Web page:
McCarthy's bill and the push to enact it will be among topics Don and I tackle Tuesday night on We invite your call-in participation at 8:00 pm EST at 678-344-9926.

A quick recap of the past week's rhetoric

Maybe a cartoon will help people realize how silly it all sounds.

Tucson aftermath: Let's take some cues from 1966

It's been more than a week. It's time to roll back the scope and scale of coverage in Tucson. There is no on-going national crisis there unless you count attempts to manufacture one.

The event in Tucson was horrific. But it certainly seems to have been the isolated work of one man. Let's take a cue from history, and begin to move on.

Consider how America handled the Texas Bell Tower massacre in 1966.

The death toll was much higher. So was the number of wounded.

And  there's startling contrast in how leaders and media reacted in 1966 compared to the inflammatory rhetoric of the past eight days.

The archive of a national weekly news magazine may help us gain perspective.

In sorting out the details of the Bell Tower event, Time magazine's August 12, 1966 cover story focused on the gunman, and didn't try to herd us to political action. Nor was it filled with politicians trying to shape the event in support of their personal or partisan agenda.

Once the event was over and the gunman dead, it was clear the crisis aspect concluded.

Sure, there was discussion and debate after the event in 1966.  Some of it focused on gun control. And, like today, some of it focused on handling suspected psychotics. Time's cover story devoted a paragraph to some of the proposals, but news coverage didn't fall into the role of  cheerleader. "There was a spate of ideas, some hasty and ill conceived," according to Time.

Following the cover story, Time readers offered reaction and opinion, but the letters published are focused on policy, without a tone of personal vilification.

Back then, we seemed more able to identify the bloodshed as the work of madman. And didn't try to smear political opponents near and far with emotional attacks framed with the blood of victims.

For the most part, life was allowed to resume a course toward normalcy after the Bell Tower massacre. We weren't fed polling updates telling how politicians gained or lost popularity pegged to their response. America in 1966 likely would have been horrified at the suggestion politicians crafted responses or sought or received personal gain from such events.

Let's take some cues from 1966. We can't dwell on Tucson forever. Some additional aftermath coverage is warranted, but it's also time we move to keep things in perspective.

Today, we have real issues begging for attention. If we want to accomplish something, let's target a failing, increasingly centralized, public education system, or come to grips with the disaster in progress known as the federal debt.

Don't count on politicians or the media to direct discussion back to key issues. Events of the past week show political leaders often take the path of least resistance, speak before they think, and are prone to distraction rather than staying on target.

As for the media, it is no longer the watchdog it once was. It has become more focused on covering events or personalities than it is on connecting dots and covering issues. Many media simply seek a platform that yields ratings.

It's up to all of us to become our own watchdogs, to be aware of what's going on, to immerse ourselves in a knowledge of "boring stuff" like government finance, budget reports and legislative proposals. We must then make decision makers aware that we're aware and expect them to act in our best interests. Otherwise, they may simply look for the next diversion to play on our emotions rather than begin work to fix what really needs fixing.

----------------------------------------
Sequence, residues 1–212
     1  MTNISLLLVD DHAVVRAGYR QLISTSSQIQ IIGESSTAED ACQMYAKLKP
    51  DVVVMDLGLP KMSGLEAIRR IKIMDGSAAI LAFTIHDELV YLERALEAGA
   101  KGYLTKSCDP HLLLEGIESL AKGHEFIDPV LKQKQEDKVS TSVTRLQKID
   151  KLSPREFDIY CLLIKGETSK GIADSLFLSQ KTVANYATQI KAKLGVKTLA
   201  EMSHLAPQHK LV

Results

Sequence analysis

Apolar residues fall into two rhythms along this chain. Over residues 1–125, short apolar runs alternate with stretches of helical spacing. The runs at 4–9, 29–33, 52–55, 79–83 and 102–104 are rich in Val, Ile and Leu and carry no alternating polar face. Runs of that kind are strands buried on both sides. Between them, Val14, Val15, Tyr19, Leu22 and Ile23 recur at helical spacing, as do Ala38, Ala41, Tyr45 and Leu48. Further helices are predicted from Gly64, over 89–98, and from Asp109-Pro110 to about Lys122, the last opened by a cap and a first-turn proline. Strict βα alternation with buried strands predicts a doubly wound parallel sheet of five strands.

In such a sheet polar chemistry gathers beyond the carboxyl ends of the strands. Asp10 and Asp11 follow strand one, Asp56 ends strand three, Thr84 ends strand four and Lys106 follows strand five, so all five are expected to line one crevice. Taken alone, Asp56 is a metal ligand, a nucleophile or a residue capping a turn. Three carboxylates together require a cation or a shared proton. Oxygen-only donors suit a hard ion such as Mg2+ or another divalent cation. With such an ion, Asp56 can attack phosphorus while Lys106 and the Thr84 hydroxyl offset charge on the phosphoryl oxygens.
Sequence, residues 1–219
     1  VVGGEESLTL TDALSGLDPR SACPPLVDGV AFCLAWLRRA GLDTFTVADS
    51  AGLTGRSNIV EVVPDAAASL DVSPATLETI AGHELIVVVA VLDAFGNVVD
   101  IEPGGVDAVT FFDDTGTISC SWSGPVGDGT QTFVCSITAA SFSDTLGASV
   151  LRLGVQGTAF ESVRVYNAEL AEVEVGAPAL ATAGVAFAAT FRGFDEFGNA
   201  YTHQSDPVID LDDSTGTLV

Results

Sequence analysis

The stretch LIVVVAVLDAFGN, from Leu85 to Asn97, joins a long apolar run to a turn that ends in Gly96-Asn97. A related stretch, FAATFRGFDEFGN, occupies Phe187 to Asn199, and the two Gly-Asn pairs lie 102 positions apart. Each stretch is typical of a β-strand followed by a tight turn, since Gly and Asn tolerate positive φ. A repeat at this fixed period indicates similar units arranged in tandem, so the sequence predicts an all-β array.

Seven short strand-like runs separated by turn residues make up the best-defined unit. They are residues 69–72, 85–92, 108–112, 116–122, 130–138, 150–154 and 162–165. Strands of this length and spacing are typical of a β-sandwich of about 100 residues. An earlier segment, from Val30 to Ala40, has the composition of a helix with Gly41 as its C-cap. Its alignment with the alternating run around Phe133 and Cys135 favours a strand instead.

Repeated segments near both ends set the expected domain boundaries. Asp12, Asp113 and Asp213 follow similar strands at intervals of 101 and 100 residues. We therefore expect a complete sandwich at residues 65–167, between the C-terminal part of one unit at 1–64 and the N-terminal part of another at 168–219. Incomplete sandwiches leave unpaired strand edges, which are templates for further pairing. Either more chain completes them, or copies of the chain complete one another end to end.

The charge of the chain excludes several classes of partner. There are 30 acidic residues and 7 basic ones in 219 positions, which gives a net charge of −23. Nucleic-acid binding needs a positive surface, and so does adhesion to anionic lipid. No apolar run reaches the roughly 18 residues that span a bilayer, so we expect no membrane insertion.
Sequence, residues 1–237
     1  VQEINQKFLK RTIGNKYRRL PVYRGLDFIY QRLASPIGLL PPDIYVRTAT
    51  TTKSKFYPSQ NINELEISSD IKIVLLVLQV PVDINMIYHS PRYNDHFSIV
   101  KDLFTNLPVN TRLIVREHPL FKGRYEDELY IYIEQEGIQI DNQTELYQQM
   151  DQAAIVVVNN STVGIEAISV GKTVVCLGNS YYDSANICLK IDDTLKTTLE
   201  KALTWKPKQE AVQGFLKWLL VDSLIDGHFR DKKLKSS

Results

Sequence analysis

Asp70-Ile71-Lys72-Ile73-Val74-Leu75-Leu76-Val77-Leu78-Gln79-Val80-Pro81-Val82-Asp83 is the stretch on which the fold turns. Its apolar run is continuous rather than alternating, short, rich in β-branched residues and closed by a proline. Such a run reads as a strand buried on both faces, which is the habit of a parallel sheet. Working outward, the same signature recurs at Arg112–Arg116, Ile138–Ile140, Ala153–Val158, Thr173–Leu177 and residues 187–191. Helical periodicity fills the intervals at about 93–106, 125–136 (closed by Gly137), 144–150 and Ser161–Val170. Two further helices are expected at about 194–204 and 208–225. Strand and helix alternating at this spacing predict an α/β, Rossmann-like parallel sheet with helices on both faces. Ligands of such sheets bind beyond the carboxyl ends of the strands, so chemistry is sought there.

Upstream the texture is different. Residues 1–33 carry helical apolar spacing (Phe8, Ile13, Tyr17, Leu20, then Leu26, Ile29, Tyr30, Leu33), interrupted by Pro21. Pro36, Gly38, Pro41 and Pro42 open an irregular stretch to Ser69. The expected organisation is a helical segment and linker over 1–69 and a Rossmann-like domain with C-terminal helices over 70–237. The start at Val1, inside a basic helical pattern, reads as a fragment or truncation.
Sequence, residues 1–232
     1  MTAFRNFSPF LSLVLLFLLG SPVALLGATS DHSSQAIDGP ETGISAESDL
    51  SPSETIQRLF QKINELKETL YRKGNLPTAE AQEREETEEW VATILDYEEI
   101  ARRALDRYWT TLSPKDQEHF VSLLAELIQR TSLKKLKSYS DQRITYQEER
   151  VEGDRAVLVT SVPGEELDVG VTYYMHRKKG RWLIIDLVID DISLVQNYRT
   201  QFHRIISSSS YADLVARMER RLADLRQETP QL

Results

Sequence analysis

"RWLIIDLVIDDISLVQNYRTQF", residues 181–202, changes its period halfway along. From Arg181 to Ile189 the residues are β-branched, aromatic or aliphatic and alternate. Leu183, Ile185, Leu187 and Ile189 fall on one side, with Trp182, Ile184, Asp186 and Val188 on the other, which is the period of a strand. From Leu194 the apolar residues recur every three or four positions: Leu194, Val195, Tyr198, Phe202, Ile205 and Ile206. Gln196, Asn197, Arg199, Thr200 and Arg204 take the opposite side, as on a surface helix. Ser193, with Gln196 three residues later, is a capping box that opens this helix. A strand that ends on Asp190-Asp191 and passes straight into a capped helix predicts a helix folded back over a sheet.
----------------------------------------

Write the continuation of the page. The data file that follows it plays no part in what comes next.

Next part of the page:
This is not to say we shouldn't continue to keep those recovering in Tucson in our thoughts and prayers. Many there undoubtedly continue to wrestle with personal crises over what this tragedy has brought to their individual lives.

But as for a national focus, let's get back on target and move forward.

Saturday, January 15, 2011

Royal Marshall passed away

Royal Marshall was producer of the Neal Boortz Show, and for a time has his own show on WSB.

Remembering Royal Marshall

We are saddened and shocked by this sudden, unexpected loss. We express our condolences to his family, friends and co-workers.

Friday, January 14, 2011

Connecting the dots, raising questions about guns in Mexico

The Mexican government says over 15,000 people died there last year from increasingly violent drug cartels. Some in the U.S. government have charged firearms smuggled from our border states into Mexico are a prime factor in the escalating blood shed.

But as rhetoric targeting U.S. gun sellers ratchets up, the government may be downplaying the role of non-U.S. arms suppliers as it sells us on the gun store angle. And questions are being raised about the practices of U.S. agents empowered to police firearms trafficking.

Let's try to connect some dots as we know them. Admittedly, more dots are needed to provide a clear image of what's going on when it comes to arms, smuggling, and Mexican cartels.

David Codrea at Gun Rights Examiner has a series of writings about what he now dubs "Project Gunwalker." The latest, entitled "Does Texas gun shop tie in with ‘Project Gunwalker’? , links to a Houston TV news story  where a prominent Texas attorney alleges employees of a licensed firearms retailer were encouraged by the Bureau of Alcohol, Tobacco and Firearms to make gun sales to buyers even when buyers raised store employees' suspicions.

The Fox 26 report was in response to a December story in the Washington Post. In its story tying U.S. guns to Mexican crime, the Post reported guns illegally smuggled from U.S. border states are a prime source of arms fueling Mexican violence.

Undoubtably, some guns from the U.S. are making their way south. But officials who want us to believe small retail purchases of guns are the primary source of cartel armament tax our ability to reason.